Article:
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Why Are Some States Quietly Trying to Make It Easier to Marry Young Girls

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While reproductive rights continue to be an ongoing fight, and women, especially women of color, are still underrepresented in politics, there’s a political issue related to women that barely gets discussed in whispers: child marriage.

The map above shows every state’s minimum legal marrying age, as defined by the law. For example, according to a report by Tahirih Justice Center, in New Hampshire, the legal age to marry is 18 for both women and men. But you can get judicial approval for boys over age 14 and girls 13 or older to marry. Several states, including Georgia, Michigan, Idaho, and Massachusetts, only require proof of age in specific circumstances, and nine states specifically use pregnancy as a factor in lowering the minimum marriage age. According to Tahirih Justice Center, these loopholes leave “girls less protected than boys from forced marriages and the harms of early marriage.”

More than 200,000 minors were married in the United States between 2000 and 2015, with Idaho, Kentucky, and Arkansas having the highest rates of child marriage of anywhere in the nation. So, it seems particularly alarming that, earlier this year,  Republican lawmakers who control the Idaho State Legislature opposed a bill to end child marriage in the state, noting that the bill “went too far.”

Over the summer, Louisiana agreed to ban marriage under the age of 16, allowing 16 and 17-year-olds to get married if they had the consent of parents and a judge who abided by criteria, like age difference and extenuating circumstances. Meanwhile, it was estimated that 1,200 children in Massachusetts, whose State Senate voted to ban child marriage in the state in July, were married between 2000 and 2016. They’re examples of a flurry of similar bills that have been debated without significant attention. In reality, until 2018, all U.S. states technically permitted child marriage, before Delaware and New Jersey banned marriage under the age of 18.

Refusal to ban child marriage makes it more accessible, which is alarming given that there are no federal laws when it comes to child marriage. Each state is left to make their own laws, which means that 25 states set no minimum age required for marriage at all. In some cases, that means 14- and 15-year-olds, people barely out of middle school and unable to drive, vote, or drink legally, could get married with a parent’s consent. Over 5,000 individuals were granted approval to bring fiancees under the age of 18 into the United States between 2007 and 2017. This included two minors who were 13 years old, and 38 who were 14. 

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So why would any state stall on banning child marriage? Of all the things we’re fighting for in 2019, child marriage seems like one that should be agreed upon as forcefully toxic: According to UNICEF, girls who marry before they’re 18 are more likely to drop out of school, and more likely to die in childbirth; their chances of living in poverty double while the chances of spousal abuse triple. Child marriage also disproportionately affects girls and women, given that 85% of children married between 2000 and 2010 were girls, according to marriage records from 38 states. Unchained At Last, an organization dedicated to ending childhood marriage in the United States, reported that 77% of married children were minor girls married to adult men, sometimes with the spousal age difference that should constitute statutory rape under state laws.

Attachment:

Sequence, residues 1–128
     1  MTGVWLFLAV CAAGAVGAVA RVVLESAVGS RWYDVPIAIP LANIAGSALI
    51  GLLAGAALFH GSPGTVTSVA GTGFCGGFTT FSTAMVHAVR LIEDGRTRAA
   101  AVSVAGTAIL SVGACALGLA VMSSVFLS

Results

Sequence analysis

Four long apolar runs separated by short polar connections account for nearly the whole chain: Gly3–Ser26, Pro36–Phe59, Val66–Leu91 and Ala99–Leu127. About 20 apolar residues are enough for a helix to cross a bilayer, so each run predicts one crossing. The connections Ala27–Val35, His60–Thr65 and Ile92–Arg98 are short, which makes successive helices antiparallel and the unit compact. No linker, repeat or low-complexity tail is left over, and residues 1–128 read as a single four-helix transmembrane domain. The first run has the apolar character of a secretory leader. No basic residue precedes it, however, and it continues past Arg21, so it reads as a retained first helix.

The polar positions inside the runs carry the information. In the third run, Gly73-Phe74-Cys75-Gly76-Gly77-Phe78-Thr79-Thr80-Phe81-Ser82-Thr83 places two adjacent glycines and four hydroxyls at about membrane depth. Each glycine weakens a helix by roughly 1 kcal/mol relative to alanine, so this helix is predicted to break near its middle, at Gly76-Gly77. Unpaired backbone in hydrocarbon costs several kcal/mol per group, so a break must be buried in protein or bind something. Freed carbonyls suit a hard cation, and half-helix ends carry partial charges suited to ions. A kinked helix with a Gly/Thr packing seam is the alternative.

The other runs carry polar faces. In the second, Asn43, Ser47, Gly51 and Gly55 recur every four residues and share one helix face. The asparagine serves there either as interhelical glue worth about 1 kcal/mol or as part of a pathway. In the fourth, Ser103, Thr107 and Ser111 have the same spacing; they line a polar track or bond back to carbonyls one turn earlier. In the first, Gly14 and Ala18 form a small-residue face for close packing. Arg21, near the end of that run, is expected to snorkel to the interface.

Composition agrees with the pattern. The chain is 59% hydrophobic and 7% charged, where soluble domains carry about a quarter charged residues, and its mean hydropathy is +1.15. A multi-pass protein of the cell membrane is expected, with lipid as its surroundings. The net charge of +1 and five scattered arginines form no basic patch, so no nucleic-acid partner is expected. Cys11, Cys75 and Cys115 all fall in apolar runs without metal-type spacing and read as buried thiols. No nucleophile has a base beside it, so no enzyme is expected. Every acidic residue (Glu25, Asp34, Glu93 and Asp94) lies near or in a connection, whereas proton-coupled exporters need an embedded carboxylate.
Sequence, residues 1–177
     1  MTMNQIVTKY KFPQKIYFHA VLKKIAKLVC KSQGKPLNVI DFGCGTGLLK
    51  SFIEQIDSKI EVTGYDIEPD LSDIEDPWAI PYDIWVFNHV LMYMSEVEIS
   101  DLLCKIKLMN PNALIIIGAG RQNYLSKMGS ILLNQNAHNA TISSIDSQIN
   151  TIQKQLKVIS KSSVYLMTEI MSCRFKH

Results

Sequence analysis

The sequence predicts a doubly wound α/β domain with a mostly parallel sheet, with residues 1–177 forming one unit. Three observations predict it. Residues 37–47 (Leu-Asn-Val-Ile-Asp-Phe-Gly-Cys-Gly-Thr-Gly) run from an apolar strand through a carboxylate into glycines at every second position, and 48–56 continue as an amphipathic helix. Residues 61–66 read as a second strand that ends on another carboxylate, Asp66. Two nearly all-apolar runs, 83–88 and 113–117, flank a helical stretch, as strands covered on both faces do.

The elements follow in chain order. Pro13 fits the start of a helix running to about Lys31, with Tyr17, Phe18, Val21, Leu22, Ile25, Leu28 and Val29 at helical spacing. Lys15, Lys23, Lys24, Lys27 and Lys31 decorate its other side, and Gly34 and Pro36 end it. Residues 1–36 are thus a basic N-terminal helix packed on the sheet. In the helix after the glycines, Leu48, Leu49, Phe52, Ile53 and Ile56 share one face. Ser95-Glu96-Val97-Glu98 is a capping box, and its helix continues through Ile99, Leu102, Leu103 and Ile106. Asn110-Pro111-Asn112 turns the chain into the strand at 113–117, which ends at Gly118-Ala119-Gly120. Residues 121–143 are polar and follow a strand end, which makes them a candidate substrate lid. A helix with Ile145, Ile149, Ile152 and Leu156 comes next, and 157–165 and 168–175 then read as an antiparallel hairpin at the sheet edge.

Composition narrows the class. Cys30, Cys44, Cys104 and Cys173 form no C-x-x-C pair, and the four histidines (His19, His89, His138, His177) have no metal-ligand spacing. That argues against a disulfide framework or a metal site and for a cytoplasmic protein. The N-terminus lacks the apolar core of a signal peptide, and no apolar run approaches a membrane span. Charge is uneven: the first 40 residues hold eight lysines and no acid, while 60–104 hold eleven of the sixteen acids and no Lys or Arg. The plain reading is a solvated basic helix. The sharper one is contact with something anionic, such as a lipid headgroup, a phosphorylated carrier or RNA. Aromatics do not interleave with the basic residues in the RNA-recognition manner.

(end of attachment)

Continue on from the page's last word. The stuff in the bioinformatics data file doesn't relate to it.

While the impact on young women who become child brides is demonstrably negative, with ramifications that could potentially define everything from her education level to how many children she has, there’s a litany of justifications for allowing individuals under the age of 18 to get married: Pregnancy. A Romeo and Juliet-style “true love” that can’t wait. Teens marrying before one of them is deployed, if one partner is serving in the military. Parental abuse. What makes outright marriage bans, or age limits, complicated, at least according to statements by those who vote against it, is that it feels impossible to legislate someone’s personal circumstances and feelings: Even the ACLU argued that a California bill setting the minimum age for marriage at 18 “intrudes on the fundamental rights of marriage without sufficient cause.” What makes the pivot bizarre, however, is that the United States Federal Government considers marriage under the age of 18 a human rights abuse in other countries.

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There’s also the gutting irony of Republican legislators believing that the government shouldn’t have a role in marriage or consent at all, despite their collective eagerness to intervene when it comes to LGBTQ rights, including marriage, or a woman’s right to her own body. It’s a logic gap that attempts to hyper-legislate decisions like gay marriage, a choice between two consenting adults, or birth control and abortion, a choice made by a person about their own body and reproductive health, while dismissing the futures of vulnerable young women under “freedom of choice.” These bills, and the fact that this is still up for debate nationwide in 2019, is another example of political power being flexed in the wrong ways; sometimes taking away her choices, sometimes refusing to protect her from what shouldn’t be a choice in the first place.